To an extent, the introduction of new aircraft will help achieve that goal, and Bortoli is also quick to point out that a turboprop burns less fuel than a comparably sized jet. But given the focus on a post-Covid-19 reset of aviation, this seems unlikely to placate those treating aviation as a polluting punchbag.
So what can ATR offer? In the short term, little beyond “incremental improvements”, admits Bortoli, noting that the engines and aerodynamics of its aircraft are already “very efficient”.
However, that is not to say the airframer is content with the status quo: discussions are under way between the company and its joint shareholders over plans to develop low-emission technologies on the twin-turboprop.
Bortoli says that talks with its owners Airbus and Leonardo are ongoing “so they could consider ATR as a platform on which new technologies could be introduced”.
Airbus in particular has in recent weeks been vocal about the need to decarbonise aviation and has unveiled design concepts for a trio of hydrogen-powered aircraft.
Bortoli believes the ATR 42 and 72 are ideal platforms on which to trial new technologies, likely some form of hybrid-electric propulsion, although this could also cover a possible hydrogen fuel-cell-based powertrain.
“There are a number of solutions we have explored so far that we have reviewed with our engineering department and I think we see a hybrid aircraft as a solution – then it is a matter of what hybrid mean in terms of different elements,” he notes.
While he says it is “too early to say” what fuel would be used on such an aircraft or its configuration, “we believe the ATR has the dimensions and size as a platform to be considered as the right platform to test future concepts to reduce emissions or come to a zero-emission aircraft”.
Bortoli hopes that a “way forward” can be agreed by the shareholders “by the beginning of 2021”.
Launching its support package for aviation in June, the French government identified the development of a “decarbonised regional aircraft” – for service entry in 2035 – as a project which would attract funding support.
However, despite its Toulouse headquarters, ATR is not “100% French”, says Bortoli, and while Airbus is discussing how the turboprop manufacturer could join that effort “for the time being we cannot confirm or deny direct participation in such a plan”.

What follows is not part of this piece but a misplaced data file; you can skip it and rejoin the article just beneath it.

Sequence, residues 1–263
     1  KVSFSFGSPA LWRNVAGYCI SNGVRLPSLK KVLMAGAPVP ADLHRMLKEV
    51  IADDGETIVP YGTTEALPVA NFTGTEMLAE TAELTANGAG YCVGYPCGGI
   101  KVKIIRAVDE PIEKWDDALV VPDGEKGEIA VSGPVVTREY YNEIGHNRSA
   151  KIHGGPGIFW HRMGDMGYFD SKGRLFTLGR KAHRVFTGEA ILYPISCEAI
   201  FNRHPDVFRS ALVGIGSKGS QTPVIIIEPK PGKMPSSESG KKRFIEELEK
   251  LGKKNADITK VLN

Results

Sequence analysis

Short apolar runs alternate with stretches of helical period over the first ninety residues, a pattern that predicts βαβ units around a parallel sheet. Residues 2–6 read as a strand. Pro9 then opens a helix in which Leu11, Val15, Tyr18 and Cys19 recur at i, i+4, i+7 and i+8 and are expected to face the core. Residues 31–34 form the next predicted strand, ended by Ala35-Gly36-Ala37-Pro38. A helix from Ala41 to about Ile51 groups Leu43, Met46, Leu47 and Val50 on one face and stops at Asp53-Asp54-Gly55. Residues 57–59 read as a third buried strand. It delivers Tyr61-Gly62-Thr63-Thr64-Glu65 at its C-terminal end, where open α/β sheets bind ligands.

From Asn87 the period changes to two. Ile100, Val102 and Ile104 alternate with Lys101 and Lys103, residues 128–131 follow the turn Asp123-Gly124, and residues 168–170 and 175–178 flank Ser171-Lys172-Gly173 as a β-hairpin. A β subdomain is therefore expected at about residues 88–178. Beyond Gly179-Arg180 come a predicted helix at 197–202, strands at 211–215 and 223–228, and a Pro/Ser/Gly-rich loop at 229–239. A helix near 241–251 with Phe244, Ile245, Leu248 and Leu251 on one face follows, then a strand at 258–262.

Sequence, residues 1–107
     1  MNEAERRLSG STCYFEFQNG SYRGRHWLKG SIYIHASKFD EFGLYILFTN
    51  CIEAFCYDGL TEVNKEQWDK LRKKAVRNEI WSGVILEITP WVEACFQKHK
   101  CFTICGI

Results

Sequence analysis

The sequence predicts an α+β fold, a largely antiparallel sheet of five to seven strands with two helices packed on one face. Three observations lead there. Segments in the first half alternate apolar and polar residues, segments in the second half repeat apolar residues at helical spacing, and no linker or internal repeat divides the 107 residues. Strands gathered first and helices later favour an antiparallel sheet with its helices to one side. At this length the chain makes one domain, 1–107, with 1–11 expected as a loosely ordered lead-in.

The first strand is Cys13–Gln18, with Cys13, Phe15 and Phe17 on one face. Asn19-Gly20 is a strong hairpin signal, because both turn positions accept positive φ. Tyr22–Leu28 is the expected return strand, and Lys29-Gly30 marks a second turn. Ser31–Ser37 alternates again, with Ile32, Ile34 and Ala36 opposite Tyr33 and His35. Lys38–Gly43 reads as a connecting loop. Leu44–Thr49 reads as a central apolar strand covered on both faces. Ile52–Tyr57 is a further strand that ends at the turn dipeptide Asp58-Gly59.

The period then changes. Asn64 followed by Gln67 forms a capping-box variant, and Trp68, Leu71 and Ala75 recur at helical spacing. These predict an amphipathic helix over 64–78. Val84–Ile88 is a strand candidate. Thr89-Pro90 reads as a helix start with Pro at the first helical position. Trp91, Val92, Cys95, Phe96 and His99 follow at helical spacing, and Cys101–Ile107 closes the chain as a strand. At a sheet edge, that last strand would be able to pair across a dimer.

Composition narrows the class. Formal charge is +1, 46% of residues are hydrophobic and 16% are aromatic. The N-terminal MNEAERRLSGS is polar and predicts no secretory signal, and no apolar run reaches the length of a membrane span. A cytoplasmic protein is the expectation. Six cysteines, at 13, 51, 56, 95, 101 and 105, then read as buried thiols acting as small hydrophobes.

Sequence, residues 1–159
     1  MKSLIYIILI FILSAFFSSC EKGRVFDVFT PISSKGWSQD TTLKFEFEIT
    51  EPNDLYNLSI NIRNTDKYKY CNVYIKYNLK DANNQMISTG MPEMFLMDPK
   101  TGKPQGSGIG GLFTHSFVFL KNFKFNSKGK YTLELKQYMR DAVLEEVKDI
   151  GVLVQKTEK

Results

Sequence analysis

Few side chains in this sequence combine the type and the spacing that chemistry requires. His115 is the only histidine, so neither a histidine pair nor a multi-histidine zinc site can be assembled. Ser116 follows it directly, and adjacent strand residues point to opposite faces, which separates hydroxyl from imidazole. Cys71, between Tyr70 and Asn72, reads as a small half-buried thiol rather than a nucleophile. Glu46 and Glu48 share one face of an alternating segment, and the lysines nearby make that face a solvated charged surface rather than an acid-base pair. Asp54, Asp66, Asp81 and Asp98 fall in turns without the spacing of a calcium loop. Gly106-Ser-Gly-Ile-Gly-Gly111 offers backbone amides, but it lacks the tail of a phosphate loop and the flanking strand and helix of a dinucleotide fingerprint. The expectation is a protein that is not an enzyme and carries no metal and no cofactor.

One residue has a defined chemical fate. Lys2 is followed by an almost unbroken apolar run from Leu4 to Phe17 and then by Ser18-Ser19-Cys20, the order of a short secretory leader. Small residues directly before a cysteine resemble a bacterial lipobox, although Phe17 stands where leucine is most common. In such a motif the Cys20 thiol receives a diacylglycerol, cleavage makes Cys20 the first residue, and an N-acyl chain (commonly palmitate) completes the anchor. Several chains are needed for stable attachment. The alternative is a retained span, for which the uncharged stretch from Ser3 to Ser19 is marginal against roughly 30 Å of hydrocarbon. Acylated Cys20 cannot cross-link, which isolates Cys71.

In addition, ATR is working with long-term customer Air New Zealand to identify what changes would be required to an airline’s operations, such as maintenance or training, to facilitate the uptake of new propulsion technologies.
But with a new propulsion system likely to be 10-15 years away, ATR faces the dilemma of how to markedly improve the aircraft’s environmental performance in the interim.
One solution could be sustainable aviation fuel, which the manufacturer has previously trialled, blended 50/50 with kerosene, during a series of test flights in Sweden.
While the environmental benefits of SAF are clear, its uptake is hampered by it costing three or four times as much as conventional jet fuel. “We have to make more SAF available at a reasonable price,” argues Bortoli.
And, if the decision is made to go for a new propulsion system, it also makes it very unlikely that any conventional replacement of the ATR’s Pratt & Whitney Canada PW127M will be contemplated as an interim step.
“Any investment for the future is a sizeable one,” Bortoli says. “And to have a sound business case with the size of the regional market – you cannot invest in a new engine and then also think of a hybrid aircraft. They are alternative options: one or the other.
“Even if it is 15 years away, you would not be able to recover the investment spend on a new engine.”
Bear in mind too, that ATR’s engineering resources are not infinite: current developments include a new-build freighter variant of the ATR 72-600 and a short take-off and landing derivative of the ATR 42-600.
“Over the next two to three years we have enough on our plate and we would not have the engineering capability to develop more than this,” he says.
These two projects will offer “good solutions to different market segments”, says Bortoli, which can “address the most important needs of our operators worldwide”.
The freighter in particular is gaining “significant interest” and the manufacturer is hopeful that it can add to its launch order from FedEx for 30 firm and 20 options. “We are coming to the market at the right time,” he adds.
First shipment of the ATR 72-600F will be this year, and should help to bolster the airframer’s performance in 2020. However, Bortoli declines to offer a delivery forecast, beyond noting that it will be short of the previous year’s total.
“It is not as it was in 2019, but we are continuing our efforts.”
While ATR’s current market dominance is likely to continue in the short term, albeit with lower deliveries than previously, there are a number of start-ups looking to enter the segment. And while the cost of bringing a new aircraft to market remains considerable, developing a new regional turboprop is arguably cheaper, and more achievable, than trying to do the same with a 150-seat jet.
Bortoli points out that new market entrants will have to “suffer a little bit in terms of time” before they gain traction and, he says, ATR is already considering what its next move should be.
“We are uniquely placed to face any competition,” he says.